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Thursday, November 24, 2005

The complications of a botched operation | Society | Michael Cross: The complications of a botched operation

Another interesting piece by Michael Cross in today's Guardian in which he argues that trying to provide national access to any patients record wherever & whenever it is needed, rather than focusing on the much more common local information transactions, may "derail" the whole NPfIT in the NHS. He makes some interesting assertions and suggests that we "may see some significant "re-scoping" soon".

However his assertion about emergency practice is wrong: "When people are run over by buses out of town, accident and emergency medicine has evolved relatively effective ways of coping without information. When that information could save a life - that famous penicillin allergy, for example - the data is better conveyed in a piece of medical alert jewellery worn next to a pulse point."

Having spent approx 15 years working in and around A&E departments I can ssure him that the uptake of medicalert bracelets and similar jewlery is very low and, even when they are worn, they are often not up to date - and frequently less legible than a doctors handwriting! In addition the information which is relevant to the patient care, for example by a GP deputising service late at night, is often more complex than can be reported on a bracelet. The availability of medical history "out of town" is a strong selling point of the NPfIT and should not be belittled as it has the potential to make a real difference to those individuals at a time of high stress and potential danger.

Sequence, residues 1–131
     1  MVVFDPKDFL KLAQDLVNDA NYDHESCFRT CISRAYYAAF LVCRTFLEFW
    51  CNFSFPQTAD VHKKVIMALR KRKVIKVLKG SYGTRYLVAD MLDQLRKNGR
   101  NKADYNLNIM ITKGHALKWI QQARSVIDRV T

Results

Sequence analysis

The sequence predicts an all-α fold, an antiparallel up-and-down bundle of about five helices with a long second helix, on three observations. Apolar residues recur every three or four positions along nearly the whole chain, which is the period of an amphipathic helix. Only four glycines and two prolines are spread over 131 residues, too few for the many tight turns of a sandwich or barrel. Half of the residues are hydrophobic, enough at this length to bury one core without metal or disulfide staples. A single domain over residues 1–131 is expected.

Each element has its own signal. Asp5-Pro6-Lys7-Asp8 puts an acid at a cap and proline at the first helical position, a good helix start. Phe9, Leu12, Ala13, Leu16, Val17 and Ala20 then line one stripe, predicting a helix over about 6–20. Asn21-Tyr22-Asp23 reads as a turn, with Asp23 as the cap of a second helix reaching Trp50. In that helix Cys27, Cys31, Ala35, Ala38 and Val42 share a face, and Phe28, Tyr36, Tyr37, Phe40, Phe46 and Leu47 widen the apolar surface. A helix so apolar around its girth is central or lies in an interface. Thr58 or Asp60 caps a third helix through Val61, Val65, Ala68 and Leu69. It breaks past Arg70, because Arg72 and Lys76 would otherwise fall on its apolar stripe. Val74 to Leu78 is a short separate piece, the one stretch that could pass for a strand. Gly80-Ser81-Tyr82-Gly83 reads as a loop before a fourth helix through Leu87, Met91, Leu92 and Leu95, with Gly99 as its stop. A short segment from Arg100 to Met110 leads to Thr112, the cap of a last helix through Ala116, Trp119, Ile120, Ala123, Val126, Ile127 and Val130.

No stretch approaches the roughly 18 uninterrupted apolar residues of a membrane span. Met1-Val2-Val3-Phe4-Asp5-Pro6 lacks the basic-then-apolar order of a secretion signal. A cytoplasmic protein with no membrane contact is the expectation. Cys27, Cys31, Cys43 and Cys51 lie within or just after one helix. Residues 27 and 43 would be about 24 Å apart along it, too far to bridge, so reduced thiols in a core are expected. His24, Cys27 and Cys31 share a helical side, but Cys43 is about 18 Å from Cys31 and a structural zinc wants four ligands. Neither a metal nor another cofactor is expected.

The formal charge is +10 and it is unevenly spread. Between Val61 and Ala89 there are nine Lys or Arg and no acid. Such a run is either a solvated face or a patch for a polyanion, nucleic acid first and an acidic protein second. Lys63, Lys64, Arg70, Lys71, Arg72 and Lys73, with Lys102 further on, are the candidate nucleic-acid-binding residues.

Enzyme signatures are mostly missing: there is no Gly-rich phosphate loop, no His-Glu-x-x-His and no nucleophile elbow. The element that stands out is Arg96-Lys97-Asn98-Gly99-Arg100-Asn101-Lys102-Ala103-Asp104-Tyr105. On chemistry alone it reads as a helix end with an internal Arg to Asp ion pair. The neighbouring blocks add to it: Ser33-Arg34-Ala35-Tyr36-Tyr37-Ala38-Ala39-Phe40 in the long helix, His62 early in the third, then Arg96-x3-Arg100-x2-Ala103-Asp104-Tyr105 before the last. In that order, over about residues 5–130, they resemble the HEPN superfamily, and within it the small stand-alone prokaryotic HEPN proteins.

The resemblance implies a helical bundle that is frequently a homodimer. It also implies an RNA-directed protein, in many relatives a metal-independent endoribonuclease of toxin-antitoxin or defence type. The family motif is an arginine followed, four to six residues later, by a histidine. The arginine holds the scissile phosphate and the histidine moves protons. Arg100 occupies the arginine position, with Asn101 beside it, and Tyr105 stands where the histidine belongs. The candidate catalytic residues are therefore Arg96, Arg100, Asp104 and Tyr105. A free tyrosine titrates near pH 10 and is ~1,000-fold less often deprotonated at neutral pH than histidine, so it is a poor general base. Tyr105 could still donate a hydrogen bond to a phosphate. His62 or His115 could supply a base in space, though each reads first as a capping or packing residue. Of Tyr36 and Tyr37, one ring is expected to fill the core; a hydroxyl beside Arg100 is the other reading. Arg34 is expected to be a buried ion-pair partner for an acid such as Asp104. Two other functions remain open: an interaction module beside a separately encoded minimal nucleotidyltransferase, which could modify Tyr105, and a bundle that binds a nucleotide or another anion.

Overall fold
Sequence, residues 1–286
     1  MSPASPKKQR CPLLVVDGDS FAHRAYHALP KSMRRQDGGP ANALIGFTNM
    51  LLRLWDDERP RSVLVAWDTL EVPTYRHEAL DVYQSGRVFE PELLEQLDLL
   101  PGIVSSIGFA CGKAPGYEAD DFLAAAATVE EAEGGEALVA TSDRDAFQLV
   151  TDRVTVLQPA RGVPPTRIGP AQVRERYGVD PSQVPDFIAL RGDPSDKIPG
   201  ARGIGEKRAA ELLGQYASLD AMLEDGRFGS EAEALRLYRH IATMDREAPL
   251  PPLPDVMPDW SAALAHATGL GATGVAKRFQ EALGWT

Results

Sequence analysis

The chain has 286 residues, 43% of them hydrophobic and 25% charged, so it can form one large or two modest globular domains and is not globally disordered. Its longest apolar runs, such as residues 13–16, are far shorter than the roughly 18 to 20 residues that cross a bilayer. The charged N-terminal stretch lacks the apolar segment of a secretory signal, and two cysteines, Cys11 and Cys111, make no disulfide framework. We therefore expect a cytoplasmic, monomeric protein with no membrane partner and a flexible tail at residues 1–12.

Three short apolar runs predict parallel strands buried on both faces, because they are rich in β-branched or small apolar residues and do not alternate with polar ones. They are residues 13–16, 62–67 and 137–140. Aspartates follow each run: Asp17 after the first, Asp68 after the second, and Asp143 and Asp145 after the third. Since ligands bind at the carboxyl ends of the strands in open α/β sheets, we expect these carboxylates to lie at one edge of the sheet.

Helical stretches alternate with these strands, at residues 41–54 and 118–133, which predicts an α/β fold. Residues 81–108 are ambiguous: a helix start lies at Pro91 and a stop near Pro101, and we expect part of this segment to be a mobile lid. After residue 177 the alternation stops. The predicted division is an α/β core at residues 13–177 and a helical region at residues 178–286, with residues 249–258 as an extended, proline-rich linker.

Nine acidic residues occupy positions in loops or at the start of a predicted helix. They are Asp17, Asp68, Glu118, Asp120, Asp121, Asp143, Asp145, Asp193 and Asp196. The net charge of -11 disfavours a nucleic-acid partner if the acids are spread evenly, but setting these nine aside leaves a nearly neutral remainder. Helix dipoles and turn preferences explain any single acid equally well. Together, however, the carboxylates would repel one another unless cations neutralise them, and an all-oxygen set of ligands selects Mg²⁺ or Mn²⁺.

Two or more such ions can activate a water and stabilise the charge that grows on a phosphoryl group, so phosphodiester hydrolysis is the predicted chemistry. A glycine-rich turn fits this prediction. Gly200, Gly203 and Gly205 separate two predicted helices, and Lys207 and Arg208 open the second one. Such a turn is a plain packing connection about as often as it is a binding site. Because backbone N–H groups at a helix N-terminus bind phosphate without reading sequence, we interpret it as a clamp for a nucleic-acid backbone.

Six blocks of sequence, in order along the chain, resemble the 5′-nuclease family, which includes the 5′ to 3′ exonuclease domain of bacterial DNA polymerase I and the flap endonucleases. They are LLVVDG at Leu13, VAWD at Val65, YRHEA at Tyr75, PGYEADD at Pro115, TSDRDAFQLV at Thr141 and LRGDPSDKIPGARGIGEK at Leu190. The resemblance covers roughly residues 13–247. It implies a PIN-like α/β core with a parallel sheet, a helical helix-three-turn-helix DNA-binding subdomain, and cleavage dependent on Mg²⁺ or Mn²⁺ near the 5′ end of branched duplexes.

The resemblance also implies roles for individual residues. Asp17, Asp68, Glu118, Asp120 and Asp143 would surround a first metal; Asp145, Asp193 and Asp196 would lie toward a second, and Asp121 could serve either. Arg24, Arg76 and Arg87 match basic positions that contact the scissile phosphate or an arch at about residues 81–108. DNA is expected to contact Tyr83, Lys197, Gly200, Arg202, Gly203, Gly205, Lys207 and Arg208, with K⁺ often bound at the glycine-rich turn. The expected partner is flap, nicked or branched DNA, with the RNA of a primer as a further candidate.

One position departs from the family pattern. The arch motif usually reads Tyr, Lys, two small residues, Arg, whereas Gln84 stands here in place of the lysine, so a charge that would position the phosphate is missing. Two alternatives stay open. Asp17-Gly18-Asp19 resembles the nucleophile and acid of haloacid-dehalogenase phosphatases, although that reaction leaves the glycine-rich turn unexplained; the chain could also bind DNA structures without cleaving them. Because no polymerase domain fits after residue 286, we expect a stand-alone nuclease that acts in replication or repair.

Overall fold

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  • Part of this post was used as a letter in today's Guardian Technology see:,16376,1654081,00.html

    By Rod, at 12:29 PM  

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